How to Consolidate Themes to Optimize Your Site and Help Search Engines See Your Relevance
In order to rank well in search results for a particular keyword phrase, your website must provide related information that is organized in clear language that search engines understand. When your textual information has been stripped away from its design and layout, does it measure up to be the most relevant aggregate information compared to that of other sites? If so, you have a high likelihood of achieving high rankings and attracting site visitors who are researching and shopping for products and services that you offer.
Using the analogy that most websites are like a jar of marbles, it is important that you create subject silos. A search engine can decipher meaning only when the subjects are clear and distinct. Take a look at the picture of the jar of marbles.
This jar contains black marbles, white marbles, and gray marbles all mixed together, with no apparent order or emphasis. It would be reasonable to assume that search engines would classify the subject only as marbles.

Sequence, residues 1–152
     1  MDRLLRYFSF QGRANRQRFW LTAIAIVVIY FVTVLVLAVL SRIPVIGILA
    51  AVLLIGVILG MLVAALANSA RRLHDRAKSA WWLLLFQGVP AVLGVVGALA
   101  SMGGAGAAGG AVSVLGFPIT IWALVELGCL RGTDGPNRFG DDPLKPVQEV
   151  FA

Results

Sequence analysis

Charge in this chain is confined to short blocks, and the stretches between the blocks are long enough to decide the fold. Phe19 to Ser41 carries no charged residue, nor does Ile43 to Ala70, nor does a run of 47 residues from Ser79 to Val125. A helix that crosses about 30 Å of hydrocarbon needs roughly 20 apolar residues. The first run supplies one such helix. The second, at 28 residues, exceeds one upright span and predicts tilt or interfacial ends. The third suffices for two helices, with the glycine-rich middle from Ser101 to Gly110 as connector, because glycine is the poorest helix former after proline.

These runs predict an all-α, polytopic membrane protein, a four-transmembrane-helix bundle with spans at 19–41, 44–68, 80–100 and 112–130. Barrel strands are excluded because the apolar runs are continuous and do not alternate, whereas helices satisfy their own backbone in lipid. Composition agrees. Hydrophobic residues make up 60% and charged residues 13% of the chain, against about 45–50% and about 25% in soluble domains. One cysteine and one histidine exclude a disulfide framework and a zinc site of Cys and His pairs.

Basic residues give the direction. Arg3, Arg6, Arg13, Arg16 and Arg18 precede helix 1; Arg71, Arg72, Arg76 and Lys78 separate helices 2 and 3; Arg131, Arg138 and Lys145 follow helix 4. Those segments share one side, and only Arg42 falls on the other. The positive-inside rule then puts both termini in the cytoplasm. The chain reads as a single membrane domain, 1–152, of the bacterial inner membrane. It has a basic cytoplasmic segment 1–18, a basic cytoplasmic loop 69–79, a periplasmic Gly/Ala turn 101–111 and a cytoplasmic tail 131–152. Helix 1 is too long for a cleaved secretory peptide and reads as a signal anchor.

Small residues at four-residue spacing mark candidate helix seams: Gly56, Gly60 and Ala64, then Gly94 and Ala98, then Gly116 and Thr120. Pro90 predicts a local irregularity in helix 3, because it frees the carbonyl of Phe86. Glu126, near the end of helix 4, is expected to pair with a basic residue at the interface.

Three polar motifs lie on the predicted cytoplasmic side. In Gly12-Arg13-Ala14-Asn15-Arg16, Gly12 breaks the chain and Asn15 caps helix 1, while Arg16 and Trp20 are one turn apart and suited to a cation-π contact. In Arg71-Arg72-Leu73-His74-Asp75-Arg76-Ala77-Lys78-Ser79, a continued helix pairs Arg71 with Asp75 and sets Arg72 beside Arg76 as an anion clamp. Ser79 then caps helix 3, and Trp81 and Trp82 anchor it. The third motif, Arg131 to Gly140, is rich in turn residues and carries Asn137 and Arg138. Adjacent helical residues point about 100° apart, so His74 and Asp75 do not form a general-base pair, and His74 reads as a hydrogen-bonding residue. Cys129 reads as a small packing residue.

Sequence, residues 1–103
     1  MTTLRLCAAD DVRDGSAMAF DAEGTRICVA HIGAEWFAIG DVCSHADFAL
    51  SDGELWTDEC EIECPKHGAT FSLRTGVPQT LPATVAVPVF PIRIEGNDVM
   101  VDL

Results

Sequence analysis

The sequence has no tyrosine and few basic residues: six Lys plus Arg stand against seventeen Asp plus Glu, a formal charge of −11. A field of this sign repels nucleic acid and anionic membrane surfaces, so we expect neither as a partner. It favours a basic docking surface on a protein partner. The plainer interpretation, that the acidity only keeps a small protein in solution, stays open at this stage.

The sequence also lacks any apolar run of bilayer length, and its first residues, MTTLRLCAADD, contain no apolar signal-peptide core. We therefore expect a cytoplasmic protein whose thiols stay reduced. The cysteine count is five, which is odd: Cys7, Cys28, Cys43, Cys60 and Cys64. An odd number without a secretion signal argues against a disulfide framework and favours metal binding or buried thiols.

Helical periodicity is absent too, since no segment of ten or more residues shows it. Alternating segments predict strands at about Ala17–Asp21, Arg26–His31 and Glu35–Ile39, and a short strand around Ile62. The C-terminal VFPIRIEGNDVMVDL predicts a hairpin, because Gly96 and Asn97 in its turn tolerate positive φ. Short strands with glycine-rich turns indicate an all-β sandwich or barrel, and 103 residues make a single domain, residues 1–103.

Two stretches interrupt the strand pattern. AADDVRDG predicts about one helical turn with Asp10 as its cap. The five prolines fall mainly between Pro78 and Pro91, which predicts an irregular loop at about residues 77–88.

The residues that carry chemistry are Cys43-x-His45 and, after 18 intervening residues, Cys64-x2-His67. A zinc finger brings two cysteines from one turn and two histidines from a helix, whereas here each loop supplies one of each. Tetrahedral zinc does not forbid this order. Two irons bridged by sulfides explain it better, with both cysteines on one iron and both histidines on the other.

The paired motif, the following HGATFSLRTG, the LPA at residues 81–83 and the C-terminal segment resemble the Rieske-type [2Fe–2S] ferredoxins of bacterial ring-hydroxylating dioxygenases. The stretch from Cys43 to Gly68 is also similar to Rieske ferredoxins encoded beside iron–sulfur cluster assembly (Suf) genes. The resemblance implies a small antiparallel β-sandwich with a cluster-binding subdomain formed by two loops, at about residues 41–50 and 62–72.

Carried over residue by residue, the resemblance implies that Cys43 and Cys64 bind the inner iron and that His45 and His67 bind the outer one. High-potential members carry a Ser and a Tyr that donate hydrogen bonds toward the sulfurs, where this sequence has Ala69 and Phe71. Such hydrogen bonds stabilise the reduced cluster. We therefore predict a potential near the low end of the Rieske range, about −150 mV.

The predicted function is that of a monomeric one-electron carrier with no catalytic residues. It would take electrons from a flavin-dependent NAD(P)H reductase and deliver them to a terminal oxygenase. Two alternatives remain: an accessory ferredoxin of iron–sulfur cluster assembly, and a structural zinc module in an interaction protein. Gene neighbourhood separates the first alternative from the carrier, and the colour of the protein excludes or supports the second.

If you separated each group of marbles into its own jar (or website), they would be classified as a jar of black marbles, a jar of white marbles, and a jar of gray marbles.
However, if you wanted to combine all three marble colors into a single jar, you could create distinct silos within the site that would allow the subject themes to be black marbles, white marbles, gray marbles, and finally the generic term marbles. Most websites never clarify the main subjects they want their site to become relevant for. Instead, they try to be all things to all people.
Your goal, if you want your site to rank for more than a single generic term, is to selectively decide what your site is and is not about. Rankings are often damaged in three major ways:
By having too little content for a subject on your website
By including irrelevant content that dilutes and blurs your theme
By choosing keywords that are not well matched to your theme
Do you have your themes poorly defined, spread out in pieces over a number of different pages? Or are you mixing dissimilar items together on a page so that no central theme emerges (similar to the first jar of marbles)? Both of these cases may be preventing the search engines from seeing your web pages as relevant to your keywords.
If your website is not currently ranking well for a keyword phrase, consider both possible causes. You may have too little content for a theme, in which case you need to increase the number of pages that contain keyword-rich content on that subject. Conversely, if you have irrelevant or disorganized content, you might need to consolidate your subject themes by separating and concentrating them into silos.